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 As Baltimore struggles with a dwindling tax base, the City's charitable institutions,

 and Hopkins in particular, generate an ever greater portion of overall income

-- and these institutions are exempt from taxes.

 

 

Dominance of the Johns Hopkins

Institutions in the Baltimore Economy

from Putting Baltimore's People First (2004)

 

 

If increasing low service sector wages is to be the engine of a responsible economic development plan, the plan must begin by examining the critical role of the employer that has the most profound impact on Baltimore's private-sector economy: the Johns Hopkins Institutions. As the largest private employer in the state of Maryland, with over 46,00 employees in 2002, the Johns Hopkins Institutions have surpassed and replaced Bethlehem Steel and other manufacturing industries as the economic powerhouse of Baltimore's new economy.

Hopkins' Profitability

According to a report commissioned by Hopkins, the non-profit Johns Hopkins Institutions -- comprised of Johns Hopkins University, the Schools of Medicine, Public Health, Nursing, and other post-graduate institutions, as well as the Johns Hopkins and Health System -- generate over $7 billion in business statewide: one of every 28 dollars in the Maryland economy.

The Hopkins Institutions are among the most "profitable" of all private institutions in Maryland, both non-profit and for-profit. The Hopkins Institutions earned a combined income of over $200 million in the 2002 fiscal year. Their unparalleled renown in research and medical care attracts more grant funding than any other academic institution: $1.4 billion in 2002, more than twice the amount of the second-highest ranking recipient.

From the National Institutes of Health alone, Hopkins received $510 million in 2002, nearly $100 million more than the second-highest recipient [University of Pennsylvania, $418,546,510; University of Washington, $405,729,042; University of California at SF, $365,364,909; Washington University, $343,792,077] of NIH grants.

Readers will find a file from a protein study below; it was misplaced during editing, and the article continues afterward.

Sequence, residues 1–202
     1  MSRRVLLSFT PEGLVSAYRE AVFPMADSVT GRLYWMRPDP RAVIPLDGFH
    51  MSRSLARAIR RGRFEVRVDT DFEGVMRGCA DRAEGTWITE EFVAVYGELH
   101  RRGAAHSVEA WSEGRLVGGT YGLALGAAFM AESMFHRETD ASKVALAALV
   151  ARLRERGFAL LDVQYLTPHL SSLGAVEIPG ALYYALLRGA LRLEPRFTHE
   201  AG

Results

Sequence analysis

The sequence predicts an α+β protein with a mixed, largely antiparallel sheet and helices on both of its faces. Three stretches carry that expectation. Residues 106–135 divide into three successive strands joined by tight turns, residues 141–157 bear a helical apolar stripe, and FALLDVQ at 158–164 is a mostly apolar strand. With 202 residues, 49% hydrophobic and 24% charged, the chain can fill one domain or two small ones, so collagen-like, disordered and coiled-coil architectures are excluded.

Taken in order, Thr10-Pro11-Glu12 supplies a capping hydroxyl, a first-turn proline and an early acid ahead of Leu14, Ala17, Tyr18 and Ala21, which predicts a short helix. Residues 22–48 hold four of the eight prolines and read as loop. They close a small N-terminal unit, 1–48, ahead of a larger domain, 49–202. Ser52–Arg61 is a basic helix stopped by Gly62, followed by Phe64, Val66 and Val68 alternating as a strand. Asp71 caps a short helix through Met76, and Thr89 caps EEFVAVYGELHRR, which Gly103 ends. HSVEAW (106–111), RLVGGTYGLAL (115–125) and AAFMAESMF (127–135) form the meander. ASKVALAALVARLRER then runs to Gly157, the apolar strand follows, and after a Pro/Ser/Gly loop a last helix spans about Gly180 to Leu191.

The Hopkins Institutions also regularly attract the nation's top doctors and medical students, having earned Hopkins Hospital the top spot in US News and World Report's annual hospital rankings for 13 years in a row.

Tax-Exempt Status

The Hopkins Institutions' non-profit status does not come without a cost. As Baltimore struggles with a dwindling tax base, the City's charitable institutions, and Hopkins in particular, generate an ever greater portion of overall income -- and these institutions are exempt from taxes. Within Baltimore City alone, Hopkins Institutions own $505 million worth of tax-exempt property, according to current tax assessments.

Were these properties subject to taxation, Hopkins would have to pay $12 million a year in property taxes to the City. Instead, the burden of paying for schools and other services falls on the rest of Baltimore's residents and businesses.

The Johns Hopkins Hospital

The Johns Hopkins Hospital plays an enormous role in both the Hopkins universe and the local economy. Johns Hopkins Hospital generated over $40 million in net operating income for the system as a whole in 2002, more than double the amount it earned the year before, and its total fund balances (net worth) grew $110 million for the five years ending in fiscal year 2002, to a total of $380 million.

As a non-profit entity, the hospital is obliged to reinvest those earnings in the community which it serves.

In comparison to other hospitals, however, Johns Hopkins Hospital devotes a much smaller percentage of its care to local residents. According to the Hopkins report . . . nearly one quarter of all Johns Hopkins Hospital's total revenue came from out-of-state patients, compared to just 4% at Bayview Medical Center and just over 2% at Howard County General Hospital, both components of the Johns Hopkins Health System.

Indirect Funding: Hidden Subsidies

As noted above, a substantial number of Hopkins Hospital service workers are eligible for public assistance while working full-time at the hospital. Thus public assistance to full-time workers is a hidden government subsidy to the hospital, supplementing the low wages it pays to its service employees. As the chart below shows, Hopkins and other Baltimore hospitals shift the burden of wage payments into the community at large

Shifting the Burden of Low Wages

A Hopkins Hospital environmental service worker who earns an annual income of $20,800 a year ($10/hour) while supporting two children, qualifies for the following public assistance programs:

Public Assistance Program

Annual Cost to Taxpayers

Maryland Child Care and Development Fund

$2,853.37

Federal CCDF expenditures

$8,222.12

Maryland Children's Health Program

$498.00

Baltimore City public Schools Reduced Price Meal Program

$1,222.00

Women, Infants, and Children Program
(if pregnant, nursing, or has an infant child)

$770.25

Total Annual Costs to Taxpayers Per Worker

$13,570.74